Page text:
— Lives Of The Most Remarkable Criminals Who have been Condemned and Executed for Murder, the Highway, Housebreaking, Street Robberies, Coining or other offences • Arthur L. Hayward

... Company you are insensible of the Indecency, be careful that the Ashes fall not on the Table, lest the Cloth be burnt, which many times falls out: In these two Cases, let the Mulcts and Forfeitures of both, but especially the Hinderance the last gives a Man in the Skillful managing his Game, deter you from the lolling slovenly Posture of the first, and the stinking Indecency of the latter; because this Pastime being of a neat and cleanly Composition, will not admit any such Irregularities and Indecorums, without an absolute ...
— The School of Recreation (1684 edition) • Robert Howlett

... here beautiful vases may be seen smashed to atoms in order to make more rare the specimens preserved. The peasant has no regard whatsoever for the sanctity of the ancient dead, nor does any superstition in this regard deter him in his work of destruction. Fortunately superstition sometimes checks other forms of robbery. Djins are believed to guard the hoards of ancient wealth which some of the tombs are thought to contain, as, for example, in the case of ...
— The Treasury of Ancient Egypt - Miscellaneous Chapters on Ancient Egyptian History and Archaeology • Arthur E. P. B. Weigall

... aspects of the agreement. In 1995-96, a NATO-led international peacekeeping force (IFOR) of 60,000 troops served in Bosnia to implement and monitor the military aspects of the agreement. IFOR was succeeded by a smaller, NATO-led Stabilization Force (SFOR) whose mission was to deter renewed hostilities. European Union peacekeeping troops (EUFOR) replaced SFOR in December 2004; their mission was to maintain peace and stability throughout ...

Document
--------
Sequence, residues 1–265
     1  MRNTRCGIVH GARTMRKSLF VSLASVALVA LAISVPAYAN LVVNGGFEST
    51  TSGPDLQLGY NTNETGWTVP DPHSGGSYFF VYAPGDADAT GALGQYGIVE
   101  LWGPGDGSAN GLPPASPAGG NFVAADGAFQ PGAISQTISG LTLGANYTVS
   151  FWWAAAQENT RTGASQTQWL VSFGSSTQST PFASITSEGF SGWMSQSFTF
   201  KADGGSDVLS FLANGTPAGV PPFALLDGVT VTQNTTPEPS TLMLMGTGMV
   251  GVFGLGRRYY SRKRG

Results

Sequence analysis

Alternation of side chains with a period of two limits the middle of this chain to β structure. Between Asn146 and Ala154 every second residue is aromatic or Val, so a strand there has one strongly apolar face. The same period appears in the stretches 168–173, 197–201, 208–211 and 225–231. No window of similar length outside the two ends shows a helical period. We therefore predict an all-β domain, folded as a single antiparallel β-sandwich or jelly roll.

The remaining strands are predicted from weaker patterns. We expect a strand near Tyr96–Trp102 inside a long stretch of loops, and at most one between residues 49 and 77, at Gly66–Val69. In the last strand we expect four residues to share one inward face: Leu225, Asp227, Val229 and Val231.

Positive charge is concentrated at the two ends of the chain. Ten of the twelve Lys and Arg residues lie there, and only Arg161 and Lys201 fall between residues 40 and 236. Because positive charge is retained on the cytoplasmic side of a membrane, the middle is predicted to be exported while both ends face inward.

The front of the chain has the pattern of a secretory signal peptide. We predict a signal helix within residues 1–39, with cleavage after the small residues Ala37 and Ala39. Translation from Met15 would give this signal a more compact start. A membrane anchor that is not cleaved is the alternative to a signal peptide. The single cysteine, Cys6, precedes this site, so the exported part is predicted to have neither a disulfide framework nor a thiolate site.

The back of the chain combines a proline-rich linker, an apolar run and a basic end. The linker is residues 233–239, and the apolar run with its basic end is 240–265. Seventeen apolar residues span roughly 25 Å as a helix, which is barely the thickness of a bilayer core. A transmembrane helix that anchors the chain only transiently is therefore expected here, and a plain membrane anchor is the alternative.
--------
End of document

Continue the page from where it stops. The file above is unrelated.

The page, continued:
— The 2004 CIA World Factbook • United States. Central Intelligence Agency

... Buenos Aires should have recently formed themselves into a ring to lift prices, because their doing so will certainly tend to lessen the progress which agriculture is making in the Argentine. These combinations, however, will not deter the Company from continuing its "march of progress," but it comes hard on the colonist, who, after all, is the chief factor in building up the fortunes of the great importing houses ...
— Argentina From A British Point Of View • Various

... strength against that of this false traitor. But although I have proved my arm against the Saracens, I think not that it is yet strong enough to cope against a man who, whatsoever be his faults, is said to be a valiant knight. But that would not deter me from attempting the task. It is craftily done on the part of Sir Rudolph. He reckons that if I appear he will kill me; that if I do not appear, I shall be branded as a coward, and my claims brought into disrepute. It may be, too, that it is a mere ...
— The Boy Knight • G.A. Henty

... hazard deter me when the reward will be the privilege, the right to fold you in my arms? I am afraid of nothing that can result from making you my wife. Do not cloud my happiness by conjuring up spectres that only annoy you, that cannot for an instant ...
— Infelice • Augusta Jane Evans Wilson

... and enlightened selfishness have been tried out thoroughly and are thoroughly discredited. Their proposal was first to cure crime, and only after that was done, to abolish prisons. But it turns out that prisons generate, teach, perpetuate and inflame crime; never extirpate it, though they often deter specific persons from continuing a criminal career by either killing them outright, or destroying in them their effective spiritual manhood. Therefore the selfishly enlightened and worldly-wise shake their heads and declare that crime in criminals is ...
— The Subterranean Brotherhood • Julian Hawthorne

... until he could get his stuff together, he would pull up and leave the country, going to old Mexico, but that if he was crowded by Garrett or any one else, he surely would start in and do some more killing. This did not deter Garrett, who, with a posse made up of Chambers, Barney Mason, Frank Stewart, Juan Roibal, Lee Halls, Jim East, "Poker Tom," "Tenderfoot Bob," and "The Animal," with others, all more or less game, or at least game ...
— The Story of the Outlaw - A Study of the Western Desperado • Emerson Hough

... a cry and vanished; but that did not deter him. With long strides he boldly rounded the familiar corner to ...
— The Best Short Stories of 1915 - And the Yearbook of the American Short Story • Various